Where Should You Save An Emergency Fund?

I was enjoying coffee with a friend this morning, and they mentioned the capital deployment of their emergency fund. So, where should you save an emergency fund?

Emergency Fund Basics

“An emergency fund is a stash of money set aside to cover the financial surprises life throws your way. These unexpected events can be stressful and costly.”

An emergency fund is a financial safety net for future mishaps and unexpected expenses.

Here are some of the top emergencies people face:

  • Job loss.
  • Medical or dental emergency.
  • Unexpected home repairs.
  • Car troubles.
  • Unplanned travel expenses.

Remember, emergency funds are for ACTUAL emergencies. They are not for Black Friday shopping deals. They are not for vacations. It is for true emergencies, not for wants!

Government Shutdown Lesson

I wrote an article titled “Lessons From the Government Shutdown” during the January tragedy.

The reason the government shutdown was as harmful as the media displayed is because 78% of Americans live paycheck-to-paycheck.

The reality of that number is almost incomprehensible. 3 out of every 4 people you encounter daily would not be able to withstand a loss of their paycheck.

A similar studied was conducted earlier this year that determined 40% of Americans would not be able to cover an unexpected $400 expense. So, what does this mean?

Any expense, hiccup, or rainy day for 40% of Americans will derail their financial plans.

Heck, any car maintenance is going to cost you at least $400, and a medical emergency or unemployment will devastate you financially.

How Much?

An emergency fund should contain enough money to cover between three and six months’ worth of expenses, according to most financial planners.

If you have debt, Dave Ramsey recommends saving a starter emergency fund of $1,000 first.

Then, once you’re debt-free, he suggests beefing up the savings to build a fully funded emergency fund of three to six months of expenses.

Revisit Purpose

The reason to have an emergency fund is simple. You don’t know what you don’t know! Life happens, simple as that.

No one wants to live at the mercy of life’s twists and turns. Your emergency fund will come in handy if you suddenly lose your job, contract a medical illness or your heating system breaks during the polar vortex.

Don’t let yourself be caught off guard! You need that safety net. It literally can be a matter of life and death!


Liquidity describes the degree to which an asset can be quickly bought or sold in the market at a price reflecting its intrinsic value.

In other words, the ease of converting it to cash.

Cash is universally considered the most liquid asset, while tangible assets, such as real estate, fine art, and collectibles, are all relatively illiquid.”

where should you save an emergency fund

You want your emergency fund easily accessible because most emergencies require payment upon fulfillment.

You NEVER want to put an emergency expense on a credit card that will charge 20%+ in interest.

Remember our rule of thumb. Debt is like fire, and it should only be used when it can make you more money when deployed on productive purposes.

Debt should never be used for personal consumption.

Risk Tolerance

Ever heard the saying that “catastrophes come in threes”? This is exactly what will happen during an economic downturn.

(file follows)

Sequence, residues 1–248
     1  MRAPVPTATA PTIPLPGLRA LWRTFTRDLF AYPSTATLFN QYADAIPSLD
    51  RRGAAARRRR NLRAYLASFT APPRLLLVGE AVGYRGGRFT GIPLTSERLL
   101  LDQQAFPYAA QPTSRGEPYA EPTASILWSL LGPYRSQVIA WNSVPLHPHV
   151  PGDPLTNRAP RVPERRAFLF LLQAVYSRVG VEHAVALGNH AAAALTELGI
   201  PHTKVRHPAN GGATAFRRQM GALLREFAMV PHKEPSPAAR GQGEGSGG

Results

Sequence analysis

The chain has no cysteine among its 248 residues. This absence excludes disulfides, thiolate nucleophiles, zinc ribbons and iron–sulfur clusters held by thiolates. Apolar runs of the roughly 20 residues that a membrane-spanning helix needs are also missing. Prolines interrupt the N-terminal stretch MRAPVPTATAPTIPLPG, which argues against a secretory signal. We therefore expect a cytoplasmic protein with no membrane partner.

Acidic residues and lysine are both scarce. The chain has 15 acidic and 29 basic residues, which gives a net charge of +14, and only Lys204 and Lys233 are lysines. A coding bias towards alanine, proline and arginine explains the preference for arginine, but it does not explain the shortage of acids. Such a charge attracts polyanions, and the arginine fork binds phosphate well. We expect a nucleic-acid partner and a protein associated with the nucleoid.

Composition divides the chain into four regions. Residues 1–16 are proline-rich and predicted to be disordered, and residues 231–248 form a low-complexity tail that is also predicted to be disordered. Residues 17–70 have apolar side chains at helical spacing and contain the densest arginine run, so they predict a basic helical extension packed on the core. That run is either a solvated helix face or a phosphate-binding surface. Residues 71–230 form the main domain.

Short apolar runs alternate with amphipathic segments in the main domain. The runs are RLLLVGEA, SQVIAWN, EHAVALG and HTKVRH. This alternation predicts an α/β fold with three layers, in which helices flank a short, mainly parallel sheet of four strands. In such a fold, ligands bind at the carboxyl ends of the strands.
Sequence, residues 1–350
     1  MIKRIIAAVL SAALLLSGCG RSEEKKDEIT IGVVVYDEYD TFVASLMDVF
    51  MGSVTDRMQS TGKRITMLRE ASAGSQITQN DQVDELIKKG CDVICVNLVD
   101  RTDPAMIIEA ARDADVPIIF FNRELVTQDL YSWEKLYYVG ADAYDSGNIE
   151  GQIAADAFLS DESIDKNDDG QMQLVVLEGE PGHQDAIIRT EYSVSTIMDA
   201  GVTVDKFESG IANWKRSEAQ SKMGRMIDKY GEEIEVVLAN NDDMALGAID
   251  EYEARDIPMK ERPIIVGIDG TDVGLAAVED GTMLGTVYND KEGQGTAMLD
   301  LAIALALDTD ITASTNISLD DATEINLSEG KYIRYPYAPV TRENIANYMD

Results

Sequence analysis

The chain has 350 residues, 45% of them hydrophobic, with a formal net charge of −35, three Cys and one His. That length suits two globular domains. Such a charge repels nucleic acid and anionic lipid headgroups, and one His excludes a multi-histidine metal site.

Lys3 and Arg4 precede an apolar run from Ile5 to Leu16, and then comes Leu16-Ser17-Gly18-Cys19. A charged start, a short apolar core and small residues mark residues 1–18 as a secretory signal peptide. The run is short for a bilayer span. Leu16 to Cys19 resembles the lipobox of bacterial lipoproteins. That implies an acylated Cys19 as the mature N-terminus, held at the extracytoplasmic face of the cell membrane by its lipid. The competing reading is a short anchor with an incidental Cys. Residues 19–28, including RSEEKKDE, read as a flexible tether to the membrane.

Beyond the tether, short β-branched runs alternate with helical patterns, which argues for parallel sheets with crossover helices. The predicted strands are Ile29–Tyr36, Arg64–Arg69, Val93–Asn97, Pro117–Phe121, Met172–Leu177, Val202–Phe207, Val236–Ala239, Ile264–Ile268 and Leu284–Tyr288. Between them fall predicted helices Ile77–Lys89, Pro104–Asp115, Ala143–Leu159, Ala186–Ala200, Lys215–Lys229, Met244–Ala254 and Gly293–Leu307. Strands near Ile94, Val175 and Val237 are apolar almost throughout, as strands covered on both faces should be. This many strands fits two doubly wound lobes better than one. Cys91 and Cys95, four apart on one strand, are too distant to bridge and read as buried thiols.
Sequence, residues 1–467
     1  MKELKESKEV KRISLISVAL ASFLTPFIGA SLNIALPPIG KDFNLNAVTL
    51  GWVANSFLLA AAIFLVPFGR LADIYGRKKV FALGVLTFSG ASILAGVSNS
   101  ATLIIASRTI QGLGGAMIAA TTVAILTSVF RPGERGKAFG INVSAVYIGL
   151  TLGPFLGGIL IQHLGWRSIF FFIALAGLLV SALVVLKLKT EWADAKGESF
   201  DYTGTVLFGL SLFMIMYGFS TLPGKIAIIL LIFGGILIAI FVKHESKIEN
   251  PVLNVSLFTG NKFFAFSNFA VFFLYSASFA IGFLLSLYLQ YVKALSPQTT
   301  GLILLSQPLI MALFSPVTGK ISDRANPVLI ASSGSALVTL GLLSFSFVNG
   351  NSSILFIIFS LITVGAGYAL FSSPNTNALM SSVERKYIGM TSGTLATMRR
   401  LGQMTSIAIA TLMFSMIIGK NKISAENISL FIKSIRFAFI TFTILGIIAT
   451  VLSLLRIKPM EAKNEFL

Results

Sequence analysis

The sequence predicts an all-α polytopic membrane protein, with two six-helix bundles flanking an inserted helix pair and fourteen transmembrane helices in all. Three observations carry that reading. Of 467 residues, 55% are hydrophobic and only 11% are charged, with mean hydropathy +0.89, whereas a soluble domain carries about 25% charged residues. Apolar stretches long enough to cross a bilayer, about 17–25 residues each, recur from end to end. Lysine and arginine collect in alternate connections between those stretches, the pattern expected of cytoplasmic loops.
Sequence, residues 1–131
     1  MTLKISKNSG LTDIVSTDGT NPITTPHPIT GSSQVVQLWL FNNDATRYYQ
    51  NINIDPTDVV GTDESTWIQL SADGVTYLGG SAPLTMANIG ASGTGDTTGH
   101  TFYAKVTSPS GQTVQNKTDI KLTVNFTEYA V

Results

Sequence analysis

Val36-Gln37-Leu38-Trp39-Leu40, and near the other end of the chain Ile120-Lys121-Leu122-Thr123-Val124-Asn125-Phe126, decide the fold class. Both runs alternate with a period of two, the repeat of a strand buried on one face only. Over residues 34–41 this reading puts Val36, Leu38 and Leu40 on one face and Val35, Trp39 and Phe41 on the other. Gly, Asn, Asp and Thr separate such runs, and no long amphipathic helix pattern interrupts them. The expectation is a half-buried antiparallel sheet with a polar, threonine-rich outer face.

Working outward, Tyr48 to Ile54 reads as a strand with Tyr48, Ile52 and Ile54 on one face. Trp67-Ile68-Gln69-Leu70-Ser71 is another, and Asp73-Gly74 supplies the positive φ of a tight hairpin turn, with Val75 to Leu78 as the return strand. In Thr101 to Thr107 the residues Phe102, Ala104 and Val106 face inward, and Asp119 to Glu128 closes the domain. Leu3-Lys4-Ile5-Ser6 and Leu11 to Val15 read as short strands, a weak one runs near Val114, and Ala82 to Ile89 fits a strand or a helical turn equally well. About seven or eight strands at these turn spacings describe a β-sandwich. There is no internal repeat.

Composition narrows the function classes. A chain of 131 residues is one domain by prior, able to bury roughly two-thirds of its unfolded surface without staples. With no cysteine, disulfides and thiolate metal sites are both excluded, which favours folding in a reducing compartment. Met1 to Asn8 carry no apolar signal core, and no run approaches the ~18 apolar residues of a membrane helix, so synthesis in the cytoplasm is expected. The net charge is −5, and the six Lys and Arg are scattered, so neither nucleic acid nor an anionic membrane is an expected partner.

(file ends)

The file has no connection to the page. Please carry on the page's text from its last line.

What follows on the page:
A majority of individuals will lose their jobs, see their home prices plummet, and their investment portfolios sliced.

This is what happened during the recession of 2008, and it provides a clear, empirical case for why an emergency fund should never be invested.

While the stock market carries a positive expected return, it’s volatility (measured by standard deviation) is much higher than risk-free assets.

Risk-free assets include Government Treasuries and FDIC insured bank deposits. Thus, the only risk is inflation rising faster than the interest rate.

Which, in our current macroeconomic environment of quantitative easing and cheap money, is a real risk. However, the expected return carries a standard deviation of 0!

Dave Ramsey discusses the paradox behind investing your emergency fund.

“Your emergency fund is not an investment. It’s insurance. Insurance costs you money to protect your investments.

That’s what insurance does. The money you have sitting there just for emergencies is not there to make you money.

It’s there to protect your investments because if you don’t have the emergency fund, you will borrow money and pay out interest and horrible terms to some stupid bank.”

High Interest Savings Account

Now, where should you save an emergency fund?

“A high-yield savings account is a type of savings account that typically pays 20-25 times the national average of a standard savings account.

Traditionally, people have held a savings account at the same bank where they hold their checking account, making transfers between the two easy and quick.”

My Wells Fargo checking account pays approximately 0.05% in checking. However, Wealthfront and Ally pay approximately 2%.

You just want to make sure any place you store your emergency fund is FDIC insured. This eliminates money-market accounts.

Here are a a few of my favorite high-yield banking accounts:

  • Wealthfront
  • Ally
  • CIT Bank
  • Marcus by Goldman Sachs


So, where should you save an emergency fund? You should you use a high-interest savings account.

NEVER, EVER, EVER invest your emergency fund. It is your insurance against a downturn!

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